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The Dagger: College Basketball Blog

Josiah Turner, like Arizona, is a work in progress

Jeff Eisenberg
The Dagger

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Josiah Turner (AP)

ANAHEIM, Calif. — On a night when Sean Miller was furious enough with his team that his postgame tirade boomed through a closed locker room door, the Arizona coach still seemed pleased with at least one member of the Wildcats.

Improbably enough, that was freshman Josiah Turner.

Turner, the highly touted point guard whose immaturity and poor practice habits have drawn Miller's ire at times this season, returned to Arizona's starting lineup Thursday for the first time since mid-November. He played well enough that he'll likely stay there for the time being, scoring nine points, grabbing six rebounds and dishing out three assists in a 65-58 loss to UCLA.

"Josiah is really starting to come on right now," Miller said. "No question, he's practicing better. His mind's in the right place. His heart's in the right place. He's trying to win, trying to do the best he can both on and off the court. He deserves a lot of credit for that. He's a really good kid and to me he's learned some good lessons, some valuable lessons. Hopefully the best is yet to come for him."

Hailed as one of the nation's top incoming point guards when Arizona signed him last year, Turner endured a rocky start to his collegiate career. He was late to a shootaround before Arizona's win over Duquesne on Nov. 9, he sat out Arizona's Nov. 13 victory over Ball State because Miller said he was still making adjustments to college basketball and he did not travel to Florida on Dec. 7 reportedly because he missed practice earlier in the week.

What convinced Miller that Turner deserved another chance to replace sophomore Jordin Mayes in the starting lineup was not so much his play in games as his attitude and work ethic in practice. The Arizona coach said Turner had been especially impressive since Arizona returned from a brief Christmas break on Dec. 26 and began preparing for last week's matchup with Arizona State and this week's trip to face UCLA and USC.

"He's earned it with practice and in arguably the hardest week of practice we've had -- leading into the Arizona State game, he had the most points through those six or seven days," Miller said. "He's playing better in games and to me he's really doing a better job."

It's crucial for Arizona that Turner continues to make strides because the Wildcats could definitely use the spark. One year removed from a Derrick Williams-led Elite Eight run and one year away from the arrival of the nation's best recruiting class, Arizona (10-5, 1-1) is simply trying to put together enough of a second-half surge to earn a spot in the NCAA tournament.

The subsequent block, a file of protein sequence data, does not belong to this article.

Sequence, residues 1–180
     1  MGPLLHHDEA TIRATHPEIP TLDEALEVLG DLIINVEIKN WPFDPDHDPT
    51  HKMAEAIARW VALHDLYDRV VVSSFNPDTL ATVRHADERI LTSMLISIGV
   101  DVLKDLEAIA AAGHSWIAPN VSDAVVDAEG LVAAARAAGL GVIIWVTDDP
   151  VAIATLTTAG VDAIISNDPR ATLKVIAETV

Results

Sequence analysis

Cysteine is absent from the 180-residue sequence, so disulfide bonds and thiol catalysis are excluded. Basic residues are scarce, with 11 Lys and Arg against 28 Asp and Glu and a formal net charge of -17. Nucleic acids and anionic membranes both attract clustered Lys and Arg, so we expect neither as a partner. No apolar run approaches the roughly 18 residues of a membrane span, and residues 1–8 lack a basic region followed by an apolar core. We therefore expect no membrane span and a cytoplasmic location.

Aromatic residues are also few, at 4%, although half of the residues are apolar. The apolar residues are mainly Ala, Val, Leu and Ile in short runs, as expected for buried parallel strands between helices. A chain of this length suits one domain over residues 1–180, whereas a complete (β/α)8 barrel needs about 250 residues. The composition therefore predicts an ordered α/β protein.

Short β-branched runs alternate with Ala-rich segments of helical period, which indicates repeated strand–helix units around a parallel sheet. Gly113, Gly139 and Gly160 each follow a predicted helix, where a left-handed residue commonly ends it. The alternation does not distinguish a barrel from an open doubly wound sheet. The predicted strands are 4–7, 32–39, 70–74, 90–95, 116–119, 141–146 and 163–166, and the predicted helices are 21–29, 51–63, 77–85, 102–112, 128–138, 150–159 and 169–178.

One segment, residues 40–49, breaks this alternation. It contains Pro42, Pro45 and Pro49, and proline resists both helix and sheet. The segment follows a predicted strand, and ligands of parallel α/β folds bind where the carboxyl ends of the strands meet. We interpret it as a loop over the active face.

What has plagued Arizona most this season is a lack of interior defense against opposing back-to-the-basket scorers.

The departure of Williams and the lack of development of 7 footer Kyryl Natyazhko has forced undersized forwards Jesse Perry and Solomon Hill to guard opposing big men with mixed results. UCLA didn't even have center Joshua Smith on Thursday as a result of a concussion, yet twin brothers Travis and David Wear still lit up the Wildcats for a combined 34 points.

"The twins were really hard to guard because they didn't really bang on you in the post to get to the rim," Hill said. "They used their touch and feel. It was really hard to bring help when they were outside the box trying to shoot over you."

Turner can't do much to help Arizona's interior defense aside from pressuring the ball on the perimeter, but where he can make the Wildcats better is by continuing to develop on the offensive end.

Whereas Arizona could generate open threes last season because Williams demanded a double team on the low block, opposing defenses are more apt to blanket the perimeter and take their chances one-on-one with the Wildcats' big men this year. UCLA bottled up Arizona's transition game by only turning the ball over nine times and forced the Wildcats into 3-for-17 three-point shooting by crowding their shooters.

Where Turner can help is if he's able to get into the lane and either finish at the rim or draw help defense and kick to an open teammate. He showed the ability to get to the foul line Thursday night, but his facilitating is still a work in progress.

"They guarded our perimeter players really tight tonight and it was hard for us to get a shot off," Turner said. "I'm just going to keep working hard and try to help the team to continue to improve."

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